Enter your mobile number or email address below and we'll send you a link to download the free Kindle App. Then you can start reading Kindle books on your smartphone, tablet, or computer - no Kindle device required.
To get the free app, enter your mobile phone number.
Not Entitled: A Memoir Hardcover – November, 1995
Customers who viewed this item also viewed
Customers who bought this item also bought
From Publishers Weekly
In this enchanting, episodic memoir, Kermode chronicles the unusual course of events that carried him from a parochial childhood on the Isle of Man to international recognition as a literary critic. A modest, at times dolefully confessional raconteur, Kermode elides most details about his marriages and children, focusing instead upon his own perpetual feelings of dislocation and his lack of "entitlement" to cultural and familial attainments. Raised in a world of tenements, gaslights and ancient prejudices, the sensitive Kermode joined the navy at the outset of WWII, serving as clerk to a series of "mad captains" (including two Sisyphian years in Iceland building a naval defense that was never completed). Kermode next drifted into graduate school, later teaching at Reading, Bristol and University College of London, eventually becoming King Edward VII Professor of English at Cambridge, a post he resigned during a much-publicized controversy over post-structuralism during the early 1980s. Kermode also details the flap over his editorship of the cultural journal Encounter, which he left on principle in 1967 when it was revealed to be CIA-funded. And, through a marvelous prism of literary and cultural observations, Kermode, whose most famous book is The Sense of an Ending, affectingly ponders his own sense of mortality.
Copyright 1995 Reed Business Information, Inc.
From Library Journal
Kermode, scholar, critic, and teacher of English literature for nearly 50 years, has written a perceptive autobiography that is dry in wit, sharp in detail, but oddly distanced from its subject. The work is thematically divided into three parts: the first section covers Kermode's childhood and youth on the British Isle of Man, a unique but circumscribed world from which he escaped via scholarship to Liverpool University in 1938. After only a few terms, war intervened, and Kermode enlisted in the Royal Navy. The second part, his life with "my mad captains" and others, is by far the best of the book and should be required reading for those who consider war glamorous or heroic. Kermode's academic career, professional life, and thoughts on the intellectual wars over critical methods form a final third. Although the earlier chapters are of general interest, the last part requires more interest in, and knowledge of, politics and personalities in English academia than most American readers may possess. A quirky and beautifully written work; for specialized collections.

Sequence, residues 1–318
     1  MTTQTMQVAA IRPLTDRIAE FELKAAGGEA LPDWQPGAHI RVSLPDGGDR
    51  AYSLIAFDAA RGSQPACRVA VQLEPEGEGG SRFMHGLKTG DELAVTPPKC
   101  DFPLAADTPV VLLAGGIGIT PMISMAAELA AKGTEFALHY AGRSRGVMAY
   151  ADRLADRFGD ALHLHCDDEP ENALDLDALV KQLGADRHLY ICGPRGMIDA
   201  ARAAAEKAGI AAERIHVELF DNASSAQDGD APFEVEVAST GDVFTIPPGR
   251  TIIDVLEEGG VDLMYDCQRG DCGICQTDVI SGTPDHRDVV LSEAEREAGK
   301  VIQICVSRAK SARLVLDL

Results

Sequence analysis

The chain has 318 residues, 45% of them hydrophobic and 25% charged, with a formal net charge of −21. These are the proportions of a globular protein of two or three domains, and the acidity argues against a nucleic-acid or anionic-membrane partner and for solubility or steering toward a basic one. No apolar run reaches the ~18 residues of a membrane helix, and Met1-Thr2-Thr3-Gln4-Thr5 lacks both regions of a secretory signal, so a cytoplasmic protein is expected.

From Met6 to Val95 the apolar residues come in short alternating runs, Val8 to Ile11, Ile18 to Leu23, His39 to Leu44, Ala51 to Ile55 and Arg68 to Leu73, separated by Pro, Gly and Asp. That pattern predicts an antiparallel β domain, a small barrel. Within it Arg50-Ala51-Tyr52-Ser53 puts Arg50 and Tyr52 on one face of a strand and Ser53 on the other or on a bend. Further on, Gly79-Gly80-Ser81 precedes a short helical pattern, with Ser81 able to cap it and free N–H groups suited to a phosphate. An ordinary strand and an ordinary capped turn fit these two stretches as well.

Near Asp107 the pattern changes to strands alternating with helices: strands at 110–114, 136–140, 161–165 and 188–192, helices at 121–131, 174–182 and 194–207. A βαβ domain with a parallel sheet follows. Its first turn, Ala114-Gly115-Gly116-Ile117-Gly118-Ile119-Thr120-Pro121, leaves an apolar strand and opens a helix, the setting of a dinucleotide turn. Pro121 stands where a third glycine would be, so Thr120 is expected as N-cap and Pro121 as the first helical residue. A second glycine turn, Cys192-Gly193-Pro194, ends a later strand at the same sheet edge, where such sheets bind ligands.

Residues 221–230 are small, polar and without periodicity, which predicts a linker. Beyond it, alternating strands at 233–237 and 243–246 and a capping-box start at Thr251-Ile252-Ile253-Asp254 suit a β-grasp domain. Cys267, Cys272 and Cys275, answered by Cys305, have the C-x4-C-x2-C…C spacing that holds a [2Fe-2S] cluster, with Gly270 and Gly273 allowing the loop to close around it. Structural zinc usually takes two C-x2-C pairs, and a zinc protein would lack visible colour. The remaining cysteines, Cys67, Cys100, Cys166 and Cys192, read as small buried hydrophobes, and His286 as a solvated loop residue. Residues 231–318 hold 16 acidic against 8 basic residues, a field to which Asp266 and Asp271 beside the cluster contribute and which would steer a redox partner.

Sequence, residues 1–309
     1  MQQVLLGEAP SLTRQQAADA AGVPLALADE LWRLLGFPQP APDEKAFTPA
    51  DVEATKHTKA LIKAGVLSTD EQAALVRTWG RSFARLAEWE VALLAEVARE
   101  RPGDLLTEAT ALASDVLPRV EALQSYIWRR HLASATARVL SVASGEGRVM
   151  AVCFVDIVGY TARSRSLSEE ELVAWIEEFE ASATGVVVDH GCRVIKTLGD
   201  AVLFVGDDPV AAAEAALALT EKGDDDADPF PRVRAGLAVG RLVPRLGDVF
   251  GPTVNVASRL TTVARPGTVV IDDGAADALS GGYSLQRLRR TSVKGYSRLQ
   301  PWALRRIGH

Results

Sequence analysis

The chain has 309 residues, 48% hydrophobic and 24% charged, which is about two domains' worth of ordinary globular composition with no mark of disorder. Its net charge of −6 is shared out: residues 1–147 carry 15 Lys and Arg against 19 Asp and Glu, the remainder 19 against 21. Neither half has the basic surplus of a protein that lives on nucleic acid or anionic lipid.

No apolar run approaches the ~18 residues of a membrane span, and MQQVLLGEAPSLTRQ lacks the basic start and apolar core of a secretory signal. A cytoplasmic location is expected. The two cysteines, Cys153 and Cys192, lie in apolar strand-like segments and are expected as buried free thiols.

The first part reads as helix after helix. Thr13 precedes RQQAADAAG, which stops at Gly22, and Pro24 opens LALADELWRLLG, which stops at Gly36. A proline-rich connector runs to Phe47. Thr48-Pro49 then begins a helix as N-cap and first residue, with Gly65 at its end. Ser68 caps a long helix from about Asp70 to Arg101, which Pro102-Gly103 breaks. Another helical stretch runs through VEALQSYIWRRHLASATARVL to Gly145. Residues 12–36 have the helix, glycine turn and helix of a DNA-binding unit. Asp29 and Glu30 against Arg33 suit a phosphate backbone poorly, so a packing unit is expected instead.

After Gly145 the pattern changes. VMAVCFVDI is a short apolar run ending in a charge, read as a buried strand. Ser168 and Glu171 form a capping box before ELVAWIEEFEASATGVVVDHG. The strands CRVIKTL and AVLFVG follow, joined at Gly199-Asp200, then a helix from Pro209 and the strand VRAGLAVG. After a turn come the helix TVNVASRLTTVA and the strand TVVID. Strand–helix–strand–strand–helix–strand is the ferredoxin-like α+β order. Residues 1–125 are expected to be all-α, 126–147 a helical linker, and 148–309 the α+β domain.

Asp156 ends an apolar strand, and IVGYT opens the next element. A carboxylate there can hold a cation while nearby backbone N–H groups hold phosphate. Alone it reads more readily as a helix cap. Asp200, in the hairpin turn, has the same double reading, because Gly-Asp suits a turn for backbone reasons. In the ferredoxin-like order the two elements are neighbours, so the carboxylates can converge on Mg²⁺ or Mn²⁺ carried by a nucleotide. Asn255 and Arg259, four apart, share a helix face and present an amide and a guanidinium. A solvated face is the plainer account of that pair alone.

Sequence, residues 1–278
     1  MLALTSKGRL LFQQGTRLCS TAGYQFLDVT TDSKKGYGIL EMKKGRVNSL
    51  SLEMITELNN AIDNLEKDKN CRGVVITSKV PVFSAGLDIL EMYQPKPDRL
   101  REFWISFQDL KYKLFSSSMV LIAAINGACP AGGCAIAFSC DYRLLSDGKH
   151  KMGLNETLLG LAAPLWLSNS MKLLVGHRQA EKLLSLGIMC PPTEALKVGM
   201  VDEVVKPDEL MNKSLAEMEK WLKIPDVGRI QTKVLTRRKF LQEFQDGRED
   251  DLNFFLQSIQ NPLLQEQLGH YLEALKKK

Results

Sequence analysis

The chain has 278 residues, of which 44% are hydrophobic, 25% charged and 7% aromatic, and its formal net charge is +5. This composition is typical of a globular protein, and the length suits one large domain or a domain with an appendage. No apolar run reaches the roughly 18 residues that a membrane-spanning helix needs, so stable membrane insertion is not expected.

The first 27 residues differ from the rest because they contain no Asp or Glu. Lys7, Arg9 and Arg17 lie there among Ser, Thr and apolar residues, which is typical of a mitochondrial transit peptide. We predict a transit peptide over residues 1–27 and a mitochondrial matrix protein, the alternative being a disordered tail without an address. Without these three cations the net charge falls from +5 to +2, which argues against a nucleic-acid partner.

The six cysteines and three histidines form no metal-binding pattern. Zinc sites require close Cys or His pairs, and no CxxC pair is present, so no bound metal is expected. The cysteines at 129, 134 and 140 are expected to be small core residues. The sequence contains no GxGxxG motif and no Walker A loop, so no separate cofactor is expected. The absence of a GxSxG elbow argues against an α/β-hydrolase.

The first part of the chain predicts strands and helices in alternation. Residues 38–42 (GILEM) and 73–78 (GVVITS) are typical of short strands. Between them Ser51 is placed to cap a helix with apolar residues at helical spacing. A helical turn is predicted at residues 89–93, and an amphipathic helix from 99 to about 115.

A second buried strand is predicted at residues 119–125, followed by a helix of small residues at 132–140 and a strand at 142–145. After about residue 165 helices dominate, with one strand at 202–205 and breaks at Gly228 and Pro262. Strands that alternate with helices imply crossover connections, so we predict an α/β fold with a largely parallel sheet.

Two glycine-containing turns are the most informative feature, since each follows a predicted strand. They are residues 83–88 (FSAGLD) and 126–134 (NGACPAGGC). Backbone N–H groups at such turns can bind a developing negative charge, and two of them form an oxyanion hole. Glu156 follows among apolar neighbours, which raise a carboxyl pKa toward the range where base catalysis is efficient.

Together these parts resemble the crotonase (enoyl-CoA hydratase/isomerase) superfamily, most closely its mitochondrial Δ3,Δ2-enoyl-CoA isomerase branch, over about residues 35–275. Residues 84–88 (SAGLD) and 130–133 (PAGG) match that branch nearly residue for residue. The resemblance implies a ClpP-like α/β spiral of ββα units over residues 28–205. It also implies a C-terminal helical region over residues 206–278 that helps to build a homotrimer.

-?Shelley Cox, Southern Illinois Univ., Carbondale
Copyright 1995 Reed Business Information, Inc.
Browse award-winning titles. See more
If you are a seller for this product, would you like to suggest updates through seller support?
Top customer reviews
Because Mr. Kermondy was born on a small, isolated island, I assumed his sense of community would be developed, but his is an odder story than that. He never says so, but his mother was most likely illegitimate, and, so, he never found out any family background on her side of the family. It was "off limits" to ask, and he grew up with only his parents, his father being from Scotland. It is as if Kermody were isolated on an already isolated island. The voice of the book is lonely, but not self-pitying: ironic.
The author's adventures during the Second World War in the British Navy are down-to-earth and unsentimental. The title for the book: "Unentitled" comes from his seaman's experience. When a man went to the bursur's to be paid, he would lay his cap down. If he had received enough demerits that pay period, the bursur would call out, "Unentitled!" meaning the man had no salary at all. All the poor fellow could do, according to the author, was to salute smartly, pivot and leave, or he might just get another demerit.
I felt the author was disillusioned, but he does not easily give out his secrets, but delves into the lives of others. He has a certain impenetrable qualilty, which is not in evidence in his other books.
I laughed out load at the chapter describing Kermode's wartime experiences aboard ship in the Royal Navy.
It is very funny.
He describes his " mad, mad, captains." One broke his legs, one shot himself, another spent all his time drunk, and playing cards. This one was illiterate and got Kermode to write the ship's official letters. He kept calling Kermode 'Cosmo' or 'Comedy.'
" He paid me many ironical or obscene compliments. 'What are you Cosmo, some sort of f****** poofter."
He crashed the ship on an iceberg and as it ws sinking turned to Kermode and said:-
" Well Cosmo, looks like we've f****** had it!"
Kermode was a prominent man of letters, a professor at Cambridge and he has some interesting things to say about the structuralist movement that nearly tore the university apart.